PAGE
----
I thought that would be a good max test as the hill and effort got bigger over the last 8 minutes.
What strategies do you use for this?
I haven't started intervals yet; I've been too busy having fun mountain biking. They start later this week.
Pacing, pacing, pacing.
And then you go hard in the final minute, when it doesn't matter if you fall off the bike after you are over the line.
I ride, therefore I am.
...real cyclists don't have squeaky chains...
On long steady climbs don't try to drive to hard in the legs on a big gear to early. Pick a low gear that allows you to sustain a high cadence, get comfy on the bike (relax your arms also, either on the hoods or bar) and pedal away. Try to keep a smooth rhythm and before you know it you'll be over the top and as happy as a pig in ......
2010 Trek 2.1
I noticed well after the TT that my biceps were a little sore. Given that my working life was as a carpenter ('til a cruisier job came along) my biceps don't ever hurt. I must have been straining and tensed more than I thought.
I couldn't turn more than 60 rpm on the steep bits in granny even standing.
On my mtn bike it's essential for me to have the option of high cadence (80 - 90) just for ride survival.
Is it the same for the road bike?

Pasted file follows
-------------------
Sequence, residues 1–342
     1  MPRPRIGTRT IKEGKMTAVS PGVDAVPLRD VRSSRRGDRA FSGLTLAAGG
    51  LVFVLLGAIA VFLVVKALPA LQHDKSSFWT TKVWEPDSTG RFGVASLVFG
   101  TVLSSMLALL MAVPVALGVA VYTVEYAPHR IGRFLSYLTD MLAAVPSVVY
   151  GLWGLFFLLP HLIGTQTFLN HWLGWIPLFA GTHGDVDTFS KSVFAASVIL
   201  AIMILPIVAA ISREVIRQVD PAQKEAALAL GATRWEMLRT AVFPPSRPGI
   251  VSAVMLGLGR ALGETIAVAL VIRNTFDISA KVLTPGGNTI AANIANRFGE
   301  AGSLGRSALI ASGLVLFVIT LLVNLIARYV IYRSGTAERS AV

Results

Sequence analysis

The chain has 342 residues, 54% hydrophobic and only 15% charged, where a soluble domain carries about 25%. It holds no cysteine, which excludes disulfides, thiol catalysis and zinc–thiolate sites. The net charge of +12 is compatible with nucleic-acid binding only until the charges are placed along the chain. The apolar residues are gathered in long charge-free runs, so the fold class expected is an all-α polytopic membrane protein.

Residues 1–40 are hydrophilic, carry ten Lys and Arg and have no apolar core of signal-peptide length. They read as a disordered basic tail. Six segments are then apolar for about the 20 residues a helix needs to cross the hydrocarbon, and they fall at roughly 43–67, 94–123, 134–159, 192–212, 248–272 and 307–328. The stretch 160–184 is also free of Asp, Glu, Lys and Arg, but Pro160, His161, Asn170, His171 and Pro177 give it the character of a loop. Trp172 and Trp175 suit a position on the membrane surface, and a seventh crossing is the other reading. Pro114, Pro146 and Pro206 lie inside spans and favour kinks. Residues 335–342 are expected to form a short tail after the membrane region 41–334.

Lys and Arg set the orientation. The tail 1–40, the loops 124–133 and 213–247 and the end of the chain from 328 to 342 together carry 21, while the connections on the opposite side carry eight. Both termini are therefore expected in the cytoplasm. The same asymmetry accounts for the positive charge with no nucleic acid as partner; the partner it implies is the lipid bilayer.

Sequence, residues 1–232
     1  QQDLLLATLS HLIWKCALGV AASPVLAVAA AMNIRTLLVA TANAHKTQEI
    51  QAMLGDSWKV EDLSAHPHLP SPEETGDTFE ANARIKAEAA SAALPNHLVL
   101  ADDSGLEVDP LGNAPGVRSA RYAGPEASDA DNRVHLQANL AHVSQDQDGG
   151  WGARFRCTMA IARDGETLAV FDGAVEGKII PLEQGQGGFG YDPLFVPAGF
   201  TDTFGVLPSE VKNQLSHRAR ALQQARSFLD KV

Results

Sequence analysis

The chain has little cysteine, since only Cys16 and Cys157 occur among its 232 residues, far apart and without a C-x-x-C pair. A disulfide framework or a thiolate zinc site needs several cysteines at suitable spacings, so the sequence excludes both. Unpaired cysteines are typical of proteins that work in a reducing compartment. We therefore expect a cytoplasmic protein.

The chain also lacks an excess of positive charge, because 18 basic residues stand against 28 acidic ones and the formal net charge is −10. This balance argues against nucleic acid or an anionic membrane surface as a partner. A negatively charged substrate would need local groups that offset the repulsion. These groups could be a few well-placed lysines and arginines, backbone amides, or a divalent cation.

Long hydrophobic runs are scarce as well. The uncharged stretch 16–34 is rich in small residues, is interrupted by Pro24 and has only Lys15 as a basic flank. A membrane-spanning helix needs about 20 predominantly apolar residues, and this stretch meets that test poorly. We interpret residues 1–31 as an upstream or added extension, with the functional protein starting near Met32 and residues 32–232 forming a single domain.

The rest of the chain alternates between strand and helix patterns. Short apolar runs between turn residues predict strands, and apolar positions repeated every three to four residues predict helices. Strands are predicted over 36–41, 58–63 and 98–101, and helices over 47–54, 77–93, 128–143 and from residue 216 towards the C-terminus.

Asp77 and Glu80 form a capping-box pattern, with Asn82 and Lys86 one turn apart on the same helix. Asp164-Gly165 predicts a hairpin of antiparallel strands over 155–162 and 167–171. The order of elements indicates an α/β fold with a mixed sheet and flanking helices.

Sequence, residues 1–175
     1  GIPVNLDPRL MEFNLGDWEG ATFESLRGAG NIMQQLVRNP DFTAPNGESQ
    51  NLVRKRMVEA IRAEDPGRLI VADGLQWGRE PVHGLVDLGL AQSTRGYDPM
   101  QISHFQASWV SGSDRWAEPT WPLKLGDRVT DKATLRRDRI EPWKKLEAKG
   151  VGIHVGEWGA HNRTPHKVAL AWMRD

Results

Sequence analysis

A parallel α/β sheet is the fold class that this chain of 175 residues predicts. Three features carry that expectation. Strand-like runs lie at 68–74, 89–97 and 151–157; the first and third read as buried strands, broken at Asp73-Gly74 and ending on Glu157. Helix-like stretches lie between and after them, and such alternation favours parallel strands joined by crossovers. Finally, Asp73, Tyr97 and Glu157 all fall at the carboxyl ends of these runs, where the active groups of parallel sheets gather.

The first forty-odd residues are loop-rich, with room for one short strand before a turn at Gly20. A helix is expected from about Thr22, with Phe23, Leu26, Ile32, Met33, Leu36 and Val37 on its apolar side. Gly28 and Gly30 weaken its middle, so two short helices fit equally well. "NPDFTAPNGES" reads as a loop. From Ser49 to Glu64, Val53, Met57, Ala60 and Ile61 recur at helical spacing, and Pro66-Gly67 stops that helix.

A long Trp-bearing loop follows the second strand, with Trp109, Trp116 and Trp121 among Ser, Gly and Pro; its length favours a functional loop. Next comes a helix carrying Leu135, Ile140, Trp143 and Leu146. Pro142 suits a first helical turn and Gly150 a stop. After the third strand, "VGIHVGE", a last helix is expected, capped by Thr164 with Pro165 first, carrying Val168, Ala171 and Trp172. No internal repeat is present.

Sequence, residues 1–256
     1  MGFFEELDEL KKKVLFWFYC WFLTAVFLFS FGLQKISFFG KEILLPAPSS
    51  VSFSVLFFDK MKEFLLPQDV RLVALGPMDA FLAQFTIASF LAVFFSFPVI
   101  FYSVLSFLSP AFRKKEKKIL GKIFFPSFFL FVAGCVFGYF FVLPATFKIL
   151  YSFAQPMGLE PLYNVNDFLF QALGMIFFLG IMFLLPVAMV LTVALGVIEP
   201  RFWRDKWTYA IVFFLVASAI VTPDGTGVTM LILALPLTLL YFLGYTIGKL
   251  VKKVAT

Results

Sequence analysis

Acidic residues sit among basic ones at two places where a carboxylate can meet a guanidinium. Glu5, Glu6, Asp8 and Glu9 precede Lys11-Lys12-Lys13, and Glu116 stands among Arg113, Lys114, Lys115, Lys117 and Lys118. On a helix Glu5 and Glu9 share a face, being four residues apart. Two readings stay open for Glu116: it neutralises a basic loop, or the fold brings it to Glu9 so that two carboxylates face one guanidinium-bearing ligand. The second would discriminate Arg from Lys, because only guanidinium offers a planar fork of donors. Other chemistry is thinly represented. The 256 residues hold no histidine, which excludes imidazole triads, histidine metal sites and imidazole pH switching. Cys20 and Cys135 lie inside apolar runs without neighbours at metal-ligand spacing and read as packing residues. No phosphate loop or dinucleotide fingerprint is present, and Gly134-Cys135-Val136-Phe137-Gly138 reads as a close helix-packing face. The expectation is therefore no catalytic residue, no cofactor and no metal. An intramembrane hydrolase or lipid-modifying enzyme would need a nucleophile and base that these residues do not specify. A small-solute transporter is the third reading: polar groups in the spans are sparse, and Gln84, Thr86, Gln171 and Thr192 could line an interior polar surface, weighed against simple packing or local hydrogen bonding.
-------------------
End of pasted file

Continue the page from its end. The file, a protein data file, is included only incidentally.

Thanks to those who've helped with all the great advice so far. I am listening but haven't learned how to apply it to this discipline yet.
I've been upping the ante a fair bit lately and it's put a lot of my previous thoughts and methods out of whack a little.
To show how unfit I am, I did about 5 km at 33 km/h. At some points edging close to 40 km/h my heart rate hit 208 bpm. I would say that is my maximum heart rate and I didn't have to do this fancy ass, ride for 30 minutes then launch into sprint stuff
Mistress = Pinarello Opera, Ultegra SL
Mistress #2 = Drag Bluebird
For Ireland57 - I don't race, and don't really want to as I enjoy the ride and being with mates, but in training/riding, I try and do different hills and see what happens. The last couple of weekends have done a hill in Adelaide called Corkscrew Rd (similar gradient to your climb - 2.48km with a rise of 228m, no flats, steep at the beginning to 14-15%, and then levels off at 7% for the last km).
I did the climb 1st time in 12:55 with a brief rest at the bottom 1/3. Then last week did it in 12:54 with no stops, but granny gear from the start for the steep bits (34/27).
The Max/Avg HR was 184/174 and then 192/181 (193 has been my predicted max)
I knew I was at my limit for the lower section without looking at the HR !!!! You get to know it from your effort and how you feel.
Keep enjoying the riding.
There is a certain member of this forum who has a max hr of around 240...and watts per kilo of 5.4ish at threshold ...I expect his heart rate will drop as he "matures" but his threshold will certainly improve .